Beyond that, it’s how you respond to good and bad runs. People think that having four losing bets in a row is a bad run but that’s just common occurrence. I call it managing the process of betting. The process of looking at the form, deciding your bets, implementing it, having a series of results and you react to that in a certain way and then repeat the process. To enjoy betting and have any chance of being successful you have got to be able to manage that process well. If you constantly lose the plot or run off the rails in one way or another it’s going to hold you back forever. I know people who have spent their whole punting lives locked in that cycle where they are going well, they try a new approach they’ve got a couple of winners but strike an inevitable bad run, which we all have, they chop and change too much, run out of money and three months later start betting again. All of that can be avoided by managing your money, and yourself, better.
The other thing, and it sounds a bit corny, is to just enjoy racing and betting. That should be the first and foremost thing. People go into it thinking they’ll make money out of it even though they might not know a lot of what they are doing. At a hobby level they think that they’ll make an income but they lose sight of why they are doing it, which is in the first place to enjoy the sport and the intellectual challenge. To make small steps and make appropriate goals. It’s unrealistic expectations that drive all of those negative habits and behaviours. If you learn to enjoy betting, the intellectual challenge, the sport, the horses, the big races and the not so big races and use that as a base it helps keep you more level headed and your betting in perspective. That’s what allows you to keep improving and make slow steps without getting too carried away.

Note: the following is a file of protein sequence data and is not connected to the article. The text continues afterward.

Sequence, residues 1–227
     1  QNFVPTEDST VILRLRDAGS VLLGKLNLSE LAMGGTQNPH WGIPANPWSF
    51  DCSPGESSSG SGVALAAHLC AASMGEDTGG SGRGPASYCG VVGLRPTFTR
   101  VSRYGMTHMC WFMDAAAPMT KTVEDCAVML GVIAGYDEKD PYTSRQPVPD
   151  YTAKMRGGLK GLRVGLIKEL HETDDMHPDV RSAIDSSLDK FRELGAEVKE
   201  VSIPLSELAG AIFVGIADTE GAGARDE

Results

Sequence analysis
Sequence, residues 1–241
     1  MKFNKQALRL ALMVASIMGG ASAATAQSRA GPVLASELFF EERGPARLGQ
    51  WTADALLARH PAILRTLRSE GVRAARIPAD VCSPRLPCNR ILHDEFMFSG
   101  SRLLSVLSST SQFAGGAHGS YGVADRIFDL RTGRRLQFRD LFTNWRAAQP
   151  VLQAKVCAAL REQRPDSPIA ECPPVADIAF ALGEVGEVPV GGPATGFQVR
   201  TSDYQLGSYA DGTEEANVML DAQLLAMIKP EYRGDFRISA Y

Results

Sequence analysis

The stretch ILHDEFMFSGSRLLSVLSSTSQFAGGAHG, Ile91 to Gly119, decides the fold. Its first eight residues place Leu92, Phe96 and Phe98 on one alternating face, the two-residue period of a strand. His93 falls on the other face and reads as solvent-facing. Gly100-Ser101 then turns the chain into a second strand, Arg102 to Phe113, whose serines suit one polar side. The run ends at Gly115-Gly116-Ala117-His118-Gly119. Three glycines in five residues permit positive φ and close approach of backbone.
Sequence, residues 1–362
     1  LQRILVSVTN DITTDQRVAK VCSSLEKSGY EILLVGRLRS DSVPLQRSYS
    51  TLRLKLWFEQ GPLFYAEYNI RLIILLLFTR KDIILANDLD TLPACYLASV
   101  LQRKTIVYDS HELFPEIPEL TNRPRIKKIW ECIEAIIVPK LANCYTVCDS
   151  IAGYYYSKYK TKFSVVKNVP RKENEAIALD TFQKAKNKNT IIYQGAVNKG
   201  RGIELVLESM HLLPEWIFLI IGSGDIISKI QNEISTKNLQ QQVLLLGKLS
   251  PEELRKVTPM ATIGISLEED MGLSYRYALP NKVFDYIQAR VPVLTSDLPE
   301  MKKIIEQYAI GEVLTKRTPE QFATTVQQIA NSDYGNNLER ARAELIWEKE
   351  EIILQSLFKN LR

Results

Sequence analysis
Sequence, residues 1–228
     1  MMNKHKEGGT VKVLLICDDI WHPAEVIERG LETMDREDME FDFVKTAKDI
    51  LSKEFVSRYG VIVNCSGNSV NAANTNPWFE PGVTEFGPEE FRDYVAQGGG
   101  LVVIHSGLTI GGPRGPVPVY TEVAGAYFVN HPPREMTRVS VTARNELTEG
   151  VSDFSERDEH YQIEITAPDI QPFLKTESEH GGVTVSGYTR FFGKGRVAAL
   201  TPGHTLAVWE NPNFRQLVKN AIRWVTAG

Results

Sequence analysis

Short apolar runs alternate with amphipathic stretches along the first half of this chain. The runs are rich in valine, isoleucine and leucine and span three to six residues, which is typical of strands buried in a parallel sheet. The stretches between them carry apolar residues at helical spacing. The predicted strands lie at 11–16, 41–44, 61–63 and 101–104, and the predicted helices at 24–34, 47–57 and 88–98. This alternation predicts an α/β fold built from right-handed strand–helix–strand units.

Surround yourself with people that push you to do and be better. No drama or negativity. Just higher goals and higher motivation. Good times and positive energy. No jealousy or hate. Simply bringing out the absolute best in each other
— Warren Buffet (@itswarrenbuffet) December 24, 2017
John Walter (@J_Walter23)
The things I’ve learnt in racing have been from the strangest people so don’t be afraid to listen to anyone’s opinion no matter how good or bad a punter you are and put it into practice.
Probably the best thing I ever learnt was that strength was the overall winning factor in races – always trying to find the strongest horses in the truest run races. That’s why I like sprint races because they are generally run at a truer tempo overall. You won't finish too far away from the action applying that logic.
There are not too many ways to integrate data that people aren’t already doing, and very smart people, so it’s the little funny things you hear and angles that you can suck the most out of to gain an edge in this game. They are still there but you have to be open to some strange formulas. If you are going to do the same things as everybody else and follow the same formulas like a cookie-cutter you are going to struggle. You have to look at things from different angles to uncover advantages. Don’t go too big either because it’s impossible to keep up with the workload. You have to cut it down and carve out your own little niche.
A 10 minute brain explosion can put you back three months of work. It hurts the disciplined punters more than the radicals. If you grind away and then lose your path it’s a long way back. That is what kills people emotionally in the game. You put so much into it and it all just falls over then you have to start again. Keeping that in check is the hardest part. The best punters are the least emotional, long term. You’ve got to keep it out or at least let go once it’s finished.